DSHEA’s Failure: Why a Proactive Approach to Dietary Supplement Regulation Is Needed to Effectively Protect Consumers
Richard E. Nowak | 2010 U. Ill. L. Rev. 1045
In 1994, Congress enacted the Dietary Supplement Heath and Edu-cation Act (DSHEA), the first distinct regulatory scheme for dietary sup-plements sold in the United States. Although DSHEA is a congressional milestone as the first act to specifically address dietary supplements, it remains inadequate. DSHEA, as operated through the Food and Drug Administration (FDA), fails to adequately protect consumers from unsafe dietary supplements, such as ephedra, L-tryptophan, and Hydroxycut. Collectively, these dietary supplements have caused numerous illnesses and deaths. Under DSHEA manufacturers are required to report certain facts to the FDA, such as whether a new dietary ingredient is reasonably expected to be safe. Additionally, manufacturers are required to report serious adverse events associated with a dietary supplement. Until re-cently, however, the FDA retained the burden of proving that a dietary supplement was unreasonably risky. Consequently, dangerous products remained on the shelves for many years.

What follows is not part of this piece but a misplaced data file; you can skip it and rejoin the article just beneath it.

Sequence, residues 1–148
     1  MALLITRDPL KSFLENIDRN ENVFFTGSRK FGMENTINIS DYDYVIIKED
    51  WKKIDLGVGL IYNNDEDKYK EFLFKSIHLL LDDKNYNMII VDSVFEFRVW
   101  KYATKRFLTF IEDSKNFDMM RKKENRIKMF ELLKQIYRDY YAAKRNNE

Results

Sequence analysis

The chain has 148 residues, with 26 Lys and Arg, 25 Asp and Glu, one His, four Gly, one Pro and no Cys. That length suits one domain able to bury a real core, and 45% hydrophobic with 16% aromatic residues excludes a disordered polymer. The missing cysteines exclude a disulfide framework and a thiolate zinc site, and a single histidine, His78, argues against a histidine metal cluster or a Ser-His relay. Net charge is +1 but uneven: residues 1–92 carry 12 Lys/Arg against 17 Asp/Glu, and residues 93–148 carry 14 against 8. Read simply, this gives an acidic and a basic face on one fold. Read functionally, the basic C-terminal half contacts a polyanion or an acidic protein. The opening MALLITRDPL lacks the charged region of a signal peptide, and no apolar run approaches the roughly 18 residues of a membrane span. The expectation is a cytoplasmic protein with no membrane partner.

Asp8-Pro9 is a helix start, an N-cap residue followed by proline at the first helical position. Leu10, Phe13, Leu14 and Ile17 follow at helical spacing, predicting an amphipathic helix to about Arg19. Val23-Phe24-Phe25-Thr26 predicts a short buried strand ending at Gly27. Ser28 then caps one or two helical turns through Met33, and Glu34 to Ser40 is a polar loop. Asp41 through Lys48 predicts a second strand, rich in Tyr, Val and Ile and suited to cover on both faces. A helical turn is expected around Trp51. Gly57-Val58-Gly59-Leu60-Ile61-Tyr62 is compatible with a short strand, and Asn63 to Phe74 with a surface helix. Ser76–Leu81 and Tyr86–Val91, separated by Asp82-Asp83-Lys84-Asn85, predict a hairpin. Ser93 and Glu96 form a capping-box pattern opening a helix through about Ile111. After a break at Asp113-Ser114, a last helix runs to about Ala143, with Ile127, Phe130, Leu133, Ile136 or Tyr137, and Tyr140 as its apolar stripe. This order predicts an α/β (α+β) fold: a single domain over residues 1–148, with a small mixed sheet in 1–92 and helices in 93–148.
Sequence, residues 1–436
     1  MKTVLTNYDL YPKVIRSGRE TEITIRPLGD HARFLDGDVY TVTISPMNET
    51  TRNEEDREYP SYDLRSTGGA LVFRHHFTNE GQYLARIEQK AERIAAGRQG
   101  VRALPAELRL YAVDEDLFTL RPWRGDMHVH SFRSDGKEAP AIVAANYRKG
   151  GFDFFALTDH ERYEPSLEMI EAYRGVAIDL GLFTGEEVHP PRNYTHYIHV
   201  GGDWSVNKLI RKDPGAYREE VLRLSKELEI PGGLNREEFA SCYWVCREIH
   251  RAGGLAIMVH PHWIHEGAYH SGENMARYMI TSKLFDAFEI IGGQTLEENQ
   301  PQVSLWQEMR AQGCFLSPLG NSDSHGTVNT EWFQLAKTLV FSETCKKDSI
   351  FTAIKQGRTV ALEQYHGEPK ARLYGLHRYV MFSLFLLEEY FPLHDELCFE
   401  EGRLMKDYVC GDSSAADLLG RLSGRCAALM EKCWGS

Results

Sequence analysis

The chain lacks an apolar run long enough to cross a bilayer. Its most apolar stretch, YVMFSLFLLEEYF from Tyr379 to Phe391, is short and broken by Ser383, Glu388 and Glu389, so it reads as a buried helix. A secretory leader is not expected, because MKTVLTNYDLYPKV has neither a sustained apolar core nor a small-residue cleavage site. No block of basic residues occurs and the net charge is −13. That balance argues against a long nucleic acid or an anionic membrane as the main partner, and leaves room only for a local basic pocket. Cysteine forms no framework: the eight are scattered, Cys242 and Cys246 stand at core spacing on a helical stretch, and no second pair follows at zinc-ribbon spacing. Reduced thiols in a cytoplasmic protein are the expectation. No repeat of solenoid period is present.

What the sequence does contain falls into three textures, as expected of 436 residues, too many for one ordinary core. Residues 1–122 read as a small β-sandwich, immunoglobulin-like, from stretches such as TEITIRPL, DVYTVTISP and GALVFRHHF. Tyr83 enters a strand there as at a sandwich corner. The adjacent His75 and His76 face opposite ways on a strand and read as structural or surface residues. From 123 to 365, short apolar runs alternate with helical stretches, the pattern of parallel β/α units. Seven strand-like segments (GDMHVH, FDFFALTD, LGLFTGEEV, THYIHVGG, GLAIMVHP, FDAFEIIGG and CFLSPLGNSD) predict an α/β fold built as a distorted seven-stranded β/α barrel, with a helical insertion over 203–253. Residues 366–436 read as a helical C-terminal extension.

The European Union’s Food Supplements Directive is much more restrictive than DSHEA. The Food Supplements Directive established a “positive list” that enumerates the permissible vitamins, minerals, and other ingredients permitted to be used in dietary supplements. This Note proposes that Congress amend DSHEA to incorporate several provisions of the Food Supplements Directive to better protect American consumers from the dangers associated with unsafe dietary supplements. The author argues that DSHEA limits the FDA’s ability to protect consumers and Congress should adopt an intermediate approach to dietary supplement restriction. This approach would implement additional premarketing re-quirements through a three-tier regulatory system, treating dietary sup-plements differently based on their marketing dates and potential risks. This regulatory scheme would strike a balance between consumer access and safety and would help prevent additional dietary supplement-related tragedies.